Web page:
Daily practices for reigniting spiritual passion
Saint John of the Cross described his relationship with Jesus as the “living flame of love.” The two men Jesus walked with on the road to Emmaus testified that their hearts burned within them as Jesus opened the Scriptures (see Luke 24:32). How do leaders feed this living flame so that the daily pressures of ministry do not smother the fire that should drive our service in the first place?
In my own life, I experienced renewed love for Jesus as I began to see in the Scripture that God relates to His church as His bride and burns with passion and zeal for her. From Genesis through Revelation, one of the themes of the Scriptures is God’s ravished heart for His people. We discover Him as the one who leaves the Father’s home in heaven to cling to His bride and be united to her as a husband becomes one flesh with his wife.
We find Him in the prophetic pictures of Isaac and Rebekah, of Boaz and Ruth, of Esther and the king. We are strengthened by the king’s declaration of love for the bride in the Song of Solomon. We feel the anguish of the Bridegroom’s heart in the prophetic writings as He grieves the spiritual adultery of His people, and we are continually moved by the constancy of His longing for intimacy and commitment to restoration.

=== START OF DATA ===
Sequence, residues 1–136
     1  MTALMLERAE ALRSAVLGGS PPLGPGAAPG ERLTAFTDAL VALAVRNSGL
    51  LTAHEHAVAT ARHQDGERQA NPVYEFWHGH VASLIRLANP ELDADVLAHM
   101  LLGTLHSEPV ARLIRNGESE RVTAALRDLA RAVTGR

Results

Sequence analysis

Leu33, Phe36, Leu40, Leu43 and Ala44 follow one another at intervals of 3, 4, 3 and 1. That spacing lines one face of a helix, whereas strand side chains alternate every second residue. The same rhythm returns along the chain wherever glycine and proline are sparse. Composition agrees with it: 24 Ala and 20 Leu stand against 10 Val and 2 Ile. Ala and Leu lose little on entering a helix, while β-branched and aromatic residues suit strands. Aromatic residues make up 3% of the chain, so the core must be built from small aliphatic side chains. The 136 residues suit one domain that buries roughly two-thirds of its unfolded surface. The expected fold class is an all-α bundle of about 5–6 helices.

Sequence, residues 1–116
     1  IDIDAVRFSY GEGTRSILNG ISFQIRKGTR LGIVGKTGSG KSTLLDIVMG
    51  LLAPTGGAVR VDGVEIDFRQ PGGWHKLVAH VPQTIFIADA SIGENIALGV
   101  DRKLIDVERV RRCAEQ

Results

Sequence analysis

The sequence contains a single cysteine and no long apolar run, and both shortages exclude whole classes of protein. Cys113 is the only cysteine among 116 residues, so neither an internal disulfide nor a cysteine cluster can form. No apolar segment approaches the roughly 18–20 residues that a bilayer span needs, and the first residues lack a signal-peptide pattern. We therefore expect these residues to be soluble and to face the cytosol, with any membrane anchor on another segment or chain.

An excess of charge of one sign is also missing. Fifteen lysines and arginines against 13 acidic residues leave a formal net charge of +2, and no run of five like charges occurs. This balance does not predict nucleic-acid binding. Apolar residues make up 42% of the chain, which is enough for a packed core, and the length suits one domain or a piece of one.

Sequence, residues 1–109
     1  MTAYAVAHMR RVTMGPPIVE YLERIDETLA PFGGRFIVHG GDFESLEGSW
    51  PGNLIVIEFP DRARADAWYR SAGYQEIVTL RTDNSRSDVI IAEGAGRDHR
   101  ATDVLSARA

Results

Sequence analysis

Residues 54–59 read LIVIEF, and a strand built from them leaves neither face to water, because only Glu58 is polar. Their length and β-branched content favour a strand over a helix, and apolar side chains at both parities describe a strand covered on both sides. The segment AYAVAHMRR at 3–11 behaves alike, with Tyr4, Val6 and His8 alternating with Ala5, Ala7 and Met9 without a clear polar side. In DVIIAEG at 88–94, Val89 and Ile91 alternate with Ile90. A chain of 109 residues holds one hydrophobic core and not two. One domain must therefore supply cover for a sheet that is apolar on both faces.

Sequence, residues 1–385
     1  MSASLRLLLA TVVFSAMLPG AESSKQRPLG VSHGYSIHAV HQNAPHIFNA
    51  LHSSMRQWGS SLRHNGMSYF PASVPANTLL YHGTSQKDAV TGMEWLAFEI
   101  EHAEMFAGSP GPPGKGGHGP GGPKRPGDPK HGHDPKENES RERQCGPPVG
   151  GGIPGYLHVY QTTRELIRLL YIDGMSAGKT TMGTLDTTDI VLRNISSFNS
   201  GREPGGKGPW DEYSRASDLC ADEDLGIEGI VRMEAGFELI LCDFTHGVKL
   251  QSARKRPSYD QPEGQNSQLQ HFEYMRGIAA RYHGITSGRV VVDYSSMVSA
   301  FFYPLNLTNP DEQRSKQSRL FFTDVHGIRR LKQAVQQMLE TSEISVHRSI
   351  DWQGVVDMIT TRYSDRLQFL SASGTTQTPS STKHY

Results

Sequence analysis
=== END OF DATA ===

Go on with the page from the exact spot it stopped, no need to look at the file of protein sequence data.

As preachers of the gospel, we can take no better biblical figure for our example than John the Baptist. Sent in the spirit and power of Elijah to prepare the way for the first coming of Jesus, he is the prototype of the end-time messengers who will prepare the way for Jesus’ soon return. The source of John the Baptist’s joy is not the success or longevity of his ministry but His intimacy with Jesus.
“The friend of the bridegroom ... rejoices greatly because of the bridegroom’s voice,” he says. As Jesus begins His ministry, John asserts that “this joy of mine is fulfilled” (John 3:29). The voice of Jesus speaking to John personally kept his heart alive as a forerunner.
Similarly, Jesus told His dear friend Martha that only “one thing is needed,” and that is to sit at His feet to hear His words (see Luke 10:42). We need this instruction because it is so easy to replace the one necessary thing with many good but secondary activities. As a fellow leader, I want to share several helpful ways toward establishing the “one necessary thing” as a true first priority of our lives in ministry.